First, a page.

How To Sustain 5S Examples and Steps
When conducting a 5S project, no one ever seems to really have much trouble with the first three. Sorting, setting in order, and shining are relatively straightforward and most 5S guides give aspiring Lean managers a simple step-by-step set of instructions for completing each. Then we reach standardize, and people have to work a little bit harder to grasp how they can take what they just implemented in 5S project and make the system the norm for their workers. This step is always a bit harder but, again, people usually seem to be able to wrap their heads around it. But then we reach sustain. At this point, all figurative hell tends to break loose. People are uncertain of how they can get their workers to sustain efforts they’ve already made and keep the results and benefits they’ve experienced ongoing. In many 5S guides, instructions for exactly how to sustain your efforts are rather vague. This blog post is going to be anything but vague; in the next five minutes, we’re going to break down “sustain” into steps that you can complete one by one in order to make sure that your efforts stick. A careful transference of each one into your own workplace will put you on track for sustaining your efforts.
Step 1: Mindshare
In the workplace, mindsharing quite literally means to share what’s on your mind in such a way that other people “get it.” In the case of 5S, this means communicating to your workers the kind of benefits they can expect from adhering to a 5S’d workplace. If workers think a 5S organization is just some crazy new project the bosses are trying out, they aren’t going to put much heart into it. If, however, they feel that maintaining a 5S style is going to help increase their own efficiency by decreasing search and changeover times, or through other benefits, then they might start to align their own views with your own.
This can mean branching beyond basic training sessions to address workers either as groups or one on one and talk about the benefits their particular position or team might feel. Ultimately, mindsharing is one of the most powerful tools to keeping 5S sustained.
Step 2: Train
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Of course, that doesn’t mean it’s a full replacement to traditional training, oh no! When you are first implementing 5S, you need to train all of your workers on what a 5S’d area or system looks like, and how they’re expected to operate within it. Obviously, without every affected work knowing this – even if they aren’t part of the implementation team – it’s going to be really hard for them to correctly fit into the 5S puzzle. In training, cover things like how organization is to be carried out, and what behaviors your expect from workers once the initial sorting is completed. This includes things like tracking the usage of items whose usefulness you’re questioning, putting things back in their place immediately upon use or upon shift ending, and logging equipment in and out of a designated area.
Step 3: Show, Don’t Just Tell, Your Results
When you’ve been implementing 5S and want to sustain it, there’s no better motivator than actually proving how well it’s worked. Here are a couple of ways in which you can do this:
Post audit scores and before / after photographs on the wall near the area. Track scores over time to show improvement. Encourage management to walk by the area…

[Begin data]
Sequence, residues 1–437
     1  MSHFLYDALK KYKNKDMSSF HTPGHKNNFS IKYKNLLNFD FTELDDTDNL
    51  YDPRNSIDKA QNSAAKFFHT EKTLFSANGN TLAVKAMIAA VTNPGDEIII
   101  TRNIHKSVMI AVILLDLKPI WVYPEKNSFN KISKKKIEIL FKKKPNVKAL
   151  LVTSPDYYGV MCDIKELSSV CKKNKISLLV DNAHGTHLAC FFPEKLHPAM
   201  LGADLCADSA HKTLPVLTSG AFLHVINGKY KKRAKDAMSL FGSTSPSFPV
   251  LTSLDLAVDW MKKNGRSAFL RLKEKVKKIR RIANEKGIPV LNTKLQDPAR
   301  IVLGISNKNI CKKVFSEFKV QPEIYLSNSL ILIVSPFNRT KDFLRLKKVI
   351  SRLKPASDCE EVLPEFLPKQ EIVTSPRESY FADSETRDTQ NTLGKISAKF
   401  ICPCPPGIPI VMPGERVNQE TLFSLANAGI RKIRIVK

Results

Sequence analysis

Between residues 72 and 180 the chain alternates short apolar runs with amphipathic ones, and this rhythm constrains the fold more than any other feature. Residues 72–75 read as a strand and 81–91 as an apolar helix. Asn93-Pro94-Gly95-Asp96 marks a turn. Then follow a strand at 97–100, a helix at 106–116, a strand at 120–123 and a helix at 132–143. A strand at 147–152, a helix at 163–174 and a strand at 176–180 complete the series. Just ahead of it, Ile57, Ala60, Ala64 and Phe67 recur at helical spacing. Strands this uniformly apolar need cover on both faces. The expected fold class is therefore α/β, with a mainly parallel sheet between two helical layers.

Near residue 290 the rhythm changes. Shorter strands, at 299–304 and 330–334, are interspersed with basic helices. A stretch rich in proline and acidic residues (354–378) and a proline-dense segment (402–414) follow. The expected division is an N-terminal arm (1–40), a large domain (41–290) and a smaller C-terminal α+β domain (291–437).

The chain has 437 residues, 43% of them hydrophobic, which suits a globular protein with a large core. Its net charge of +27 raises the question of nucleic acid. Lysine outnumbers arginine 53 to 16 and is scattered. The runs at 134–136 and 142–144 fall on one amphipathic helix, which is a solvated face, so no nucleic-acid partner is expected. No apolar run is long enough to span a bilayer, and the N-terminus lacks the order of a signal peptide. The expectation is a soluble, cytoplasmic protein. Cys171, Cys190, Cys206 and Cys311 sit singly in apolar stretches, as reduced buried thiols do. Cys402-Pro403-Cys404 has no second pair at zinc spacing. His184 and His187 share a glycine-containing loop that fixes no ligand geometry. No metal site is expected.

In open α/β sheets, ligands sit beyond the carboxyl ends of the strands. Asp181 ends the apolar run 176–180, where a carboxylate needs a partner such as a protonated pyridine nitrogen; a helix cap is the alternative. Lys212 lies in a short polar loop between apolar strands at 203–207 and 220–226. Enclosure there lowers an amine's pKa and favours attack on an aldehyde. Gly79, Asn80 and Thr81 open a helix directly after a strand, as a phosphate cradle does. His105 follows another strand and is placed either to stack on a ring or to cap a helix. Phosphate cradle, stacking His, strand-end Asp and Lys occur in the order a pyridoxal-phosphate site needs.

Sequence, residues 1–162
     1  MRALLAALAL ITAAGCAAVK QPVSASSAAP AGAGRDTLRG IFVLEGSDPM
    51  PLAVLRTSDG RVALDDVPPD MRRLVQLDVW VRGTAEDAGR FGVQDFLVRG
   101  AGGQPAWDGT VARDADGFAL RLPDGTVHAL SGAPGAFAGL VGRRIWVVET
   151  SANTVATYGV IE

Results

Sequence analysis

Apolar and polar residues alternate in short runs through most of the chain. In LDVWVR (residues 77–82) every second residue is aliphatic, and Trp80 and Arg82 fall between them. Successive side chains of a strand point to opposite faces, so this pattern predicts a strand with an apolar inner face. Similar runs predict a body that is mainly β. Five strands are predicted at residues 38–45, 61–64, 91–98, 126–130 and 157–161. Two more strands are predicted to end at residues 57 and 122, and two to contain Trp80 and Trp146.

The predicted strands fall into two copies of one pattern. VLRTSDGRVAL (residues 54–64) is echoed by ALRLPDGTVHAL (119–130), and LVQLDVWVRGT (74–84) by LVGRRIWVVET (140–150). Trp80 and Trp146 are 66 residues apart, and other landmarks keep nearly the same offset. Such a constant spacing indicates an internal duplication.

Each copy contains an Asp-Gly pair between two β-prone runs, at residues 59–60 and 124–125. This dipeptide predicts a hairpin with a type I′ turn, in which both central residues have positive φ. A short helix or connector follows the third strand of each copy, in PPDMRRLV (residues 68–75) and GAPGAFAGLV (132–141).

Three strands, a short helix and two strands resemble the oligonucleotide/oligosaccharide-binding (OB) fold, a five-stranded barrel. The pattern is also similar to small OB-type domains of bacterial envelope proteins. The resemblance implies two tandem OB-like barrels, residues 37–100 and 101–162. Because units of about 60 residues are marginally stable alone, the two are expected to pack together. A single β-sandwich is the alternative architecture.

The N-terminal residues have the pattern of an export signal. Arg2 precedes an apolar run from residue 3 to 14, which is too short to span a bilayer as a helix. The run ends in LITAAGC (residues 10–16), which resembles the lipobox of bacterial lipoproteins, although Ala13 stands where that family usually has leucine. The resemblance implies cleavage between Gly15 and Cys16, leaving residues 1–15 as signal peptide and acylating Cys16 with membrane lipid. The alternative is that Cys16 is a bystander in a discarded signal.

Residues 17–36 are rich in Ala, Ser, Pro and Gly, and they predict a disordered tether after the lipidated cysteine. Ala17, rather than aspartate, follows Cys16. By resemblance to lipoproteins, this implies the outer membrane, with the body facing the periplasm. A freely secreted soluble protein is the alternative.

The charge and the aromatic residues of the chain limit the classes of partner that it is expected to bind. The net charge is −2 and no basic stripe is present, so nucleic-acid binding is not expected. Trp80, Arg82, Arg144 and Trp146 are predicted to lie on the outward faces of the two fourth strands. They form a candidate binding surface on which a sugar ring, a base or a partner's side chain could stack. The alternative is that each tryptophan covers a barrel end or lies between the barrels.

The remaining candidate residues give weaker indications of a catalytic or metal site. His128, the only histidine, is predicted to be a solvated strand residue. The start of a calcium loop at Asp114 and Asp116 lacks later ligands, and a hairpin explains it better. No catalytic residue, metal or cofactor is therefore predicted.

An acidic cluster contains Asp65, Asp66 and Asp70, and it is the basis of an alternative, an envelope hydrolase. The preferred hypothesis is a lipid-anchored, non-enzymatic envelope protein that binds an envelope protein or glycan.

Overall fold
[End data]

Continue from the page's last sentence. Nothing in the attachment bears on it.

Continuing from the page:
Any way you can show workers how much 5S has had a direct impact on their daily work lives and the smoothness of operation of your business is an opportunity to take advantage of, so don’t miss it! If you’re feeling really creative, creating charts recognizing individual workers you see contributing to the sustaining of 5S in a unique way can be helpful; this may seem a bit juvenile, but depending on your workplace culture it can also be highly effective.
Step 4: Workplace Culture
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Speaking of “depending on your workplace culture,” what the heck is that anyways? Workplace culture is the overall mindset of your employees and encompasses morale, viewpoints, resistance to change, work satisfaction, and more. In short, it’s all about the collective mental and emotional environment of your workplace. Of course, it starts (and ends) with each individual worker. While workplace culture has close ties in “mindsharing” when it comes to 5S, they are not the same thing, as workplace culture encompasses quite a bit more.
In general, a happy workforce is a productive one, and they’re going to be much less resistant to implementing the kinds of changes over time you need to keep 5S sustained. When something is new, people might innocently forget new steps or procedures, so you don’t need any active resistance compounding the problem. Additionally, workers who feel positively connected to your company are more likely going to want to work toward its change and betterment.
Keeping workers happy doesn’t have to be complicated, and here’s a few easy ways to show your appreciation:
- rewarding individuals/individual deeds
- out-of-work get-togethers
- one on one availability for workers to bring concerns to management
When your mindsharing, training, results showing, and workplace culture all come together just right, you’ll find yourself on easy street. Remember, ultimately all Lean techniques boils down to the people behind them, and these individuals are the key to upholding, or “sustaining,” efforts of any kind.
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